Thursday, January 14, 2016

Lars Mytting, Norwegian Wood

If I may be so bold as to open this review with a fairly technical term from the world of literary criticism, Haruki Murakami, author of the acclaimed novel Norwegian Wood, can suck it. Quite simply, his is no longer the most interesting book of that name.

Image from
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You people can stop laughing any time, though. What's so funny about Lars Mytting's Norwegian Wood having the subtitle Chopping, Stacking and Drying Wood the Scandinavian Way, a subtitle that happens to be accurate and precise and without even the smallest shred of irony?

Fine. Yes.

Yes, I do see that this book is the perfect IKEA fake-book prop, perfect enough that not even IKEA would allow it on their shelves, and yes, the joke's on me for seeing it at Bolen Books before Christmas, thinking it'd be hilarious to buy it for my brother-in-law, and then having it turn up under my tree. ("Because you're a tree-hugging hippie with glasses! Right? Right?")

And especially for having it become one of the most pleasurable reads I've had in a long time.

Murakami can keep his ambiguity, his allusiveness, his narrative instability, because I appreciated Mytting's clarity of purpose in this book, mirroring the clarity he describes as essential to splitting logs: "The work requires your full and complete attention, and if it doesn't get it you might find the ax sticking out of your leg" (p96).

This version of Norwegian Wood is nonfiction and useful, stuffed with detail, but somehow it's neither a manual nor a handbook. A 25-page chapter about how different woods burn; a 25-pager about the history of axes and saws, plus current options for same; a 15-pager about how to dry firewood, plus how dry it should be (17% moisture, if you're wondering): somehow, with all this detail, Mytting's writing is so engaging as to approach addictiveness.

Estonian nuns climb ladders, annually,
to build these woodpiles. Lars Mytting says so.
It's killing me, for example, that I haven't yet used my oven to kiln-dry a few chunks of fresh firewood so that I can establish a baseline for how dry my current batch of firewood is getting outside. I can hardly believe that I don't have three different axes. I'm ashamed of just how unlike the image here is my tiny, fragmented, barely flammable woodpile: "Like the fermentation of beer, the seasoning of wood should be a slow and undisturbed natural process, untouched by the bustle of life elsewhere. The time it takes is the time it takes" (p.135).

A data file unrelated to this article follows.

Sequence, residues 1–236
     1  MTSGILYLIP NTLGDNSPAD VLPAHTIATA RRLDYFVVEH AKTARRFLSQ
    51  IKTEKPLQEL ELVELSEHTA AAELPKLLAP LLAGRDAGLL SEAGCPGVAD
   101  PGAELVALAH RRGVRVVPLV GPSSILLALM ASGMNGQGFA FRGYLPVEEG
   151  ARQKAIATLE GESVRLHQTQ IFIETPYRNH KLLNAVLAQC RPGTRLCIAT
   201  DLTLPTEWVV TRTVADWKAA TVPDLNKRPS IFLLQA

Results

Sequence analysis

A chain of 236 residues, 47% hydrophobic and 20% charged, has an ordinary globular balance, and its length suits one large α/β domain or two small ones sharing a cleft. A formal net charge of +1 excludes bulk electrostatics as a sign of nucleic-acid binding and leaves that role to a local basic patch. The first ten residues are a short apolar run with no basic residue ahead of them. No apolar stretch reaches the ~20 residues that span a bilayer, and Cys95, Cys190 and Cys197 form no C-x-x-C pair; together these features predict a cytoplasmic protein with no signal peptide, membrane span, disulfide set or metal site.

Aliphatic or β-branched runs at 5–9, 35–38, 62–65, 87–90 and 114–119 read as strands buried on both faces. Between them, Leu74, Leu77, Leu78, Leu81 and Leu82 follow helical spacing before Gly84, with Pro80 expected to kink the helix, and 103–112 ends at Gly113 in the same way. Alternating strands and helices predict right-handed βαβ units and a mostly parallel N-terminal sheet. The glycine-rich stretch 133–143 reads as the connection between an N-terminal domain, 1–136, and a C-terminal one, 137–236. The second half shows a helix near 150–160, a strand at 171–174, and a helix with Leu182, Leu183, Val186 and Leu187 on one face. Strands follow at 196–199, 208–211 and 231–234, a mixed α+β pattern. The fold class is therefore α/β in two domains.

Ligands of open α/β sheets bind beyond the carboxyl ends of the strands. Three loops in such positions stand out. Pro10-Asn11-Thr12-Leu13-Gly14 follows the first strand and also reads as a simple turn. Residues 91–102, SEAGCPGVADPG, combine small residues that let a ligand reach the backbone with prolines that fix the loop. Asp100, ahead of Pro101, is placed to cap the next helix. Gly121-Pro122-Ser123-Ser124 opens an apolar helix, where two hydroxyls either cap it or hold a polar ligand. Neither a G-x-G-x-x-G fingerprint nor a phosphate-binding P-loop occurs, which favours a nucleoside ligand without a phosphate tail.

Frankly, I suspect that I've started to become an elderly Scandinavian man. At one point Mytting explains that anthropological studies have confirmed that there's a measurable phenomenon in Scandinavia that's referred to colloquially as "the wood age" or "the wood bug." Later in life, men become obsessed with their woodpiles, enough that I don't think Viagra sells very well there, committed to splitting wood properly, drying it carefully, and stacking it immaculately. Swedish men over 65 living in the country, in fact, apparently spend an average of 98 hours per year in "firewood-related activity" (p97). I just hope my family's prepared for The Change.

And yes, of course I've seen Peter Kavanagh's loathing-filled complaint in The Walrus about all things Scandinavian: "At his best, Mytting delivers a clear exploration of Norway's wood fetish. But in so doing, he has made himself the fetishist-in-chief." Kavanagh's real objection, in true Walrus style, and in true-north-strong-and-free style too, is that there's not enough fetishizing of Canada. Rather than "Why Scandinavia?" (or "Why Portland?", come to that), Kavangh's real complaint beneath his presumably self-ironizing hater-ism about Lars Mytting and Norwegian Wood is "Why not Canada"?: we're just as hearty, we think of ourselves as similarly progressive, and damn it, we're just as weird under the surface, but somehow the whole world's reading Scandinavian detective fiction on IKEA couches!?!

Get over it, Peter. Canada's doing just fine. Let the Scandinavians have their fun.

Now, if anybody needs me....

Wednesday, January 13, 2016

Joe Sacco, Journalism

Joe Sacco draws comics about the terrible, terrible things that humans do to each other, and to the places where we live. They depict horrible stories and activities, and if you don't read them, you may not quite correctly understand humanity or the human experiment.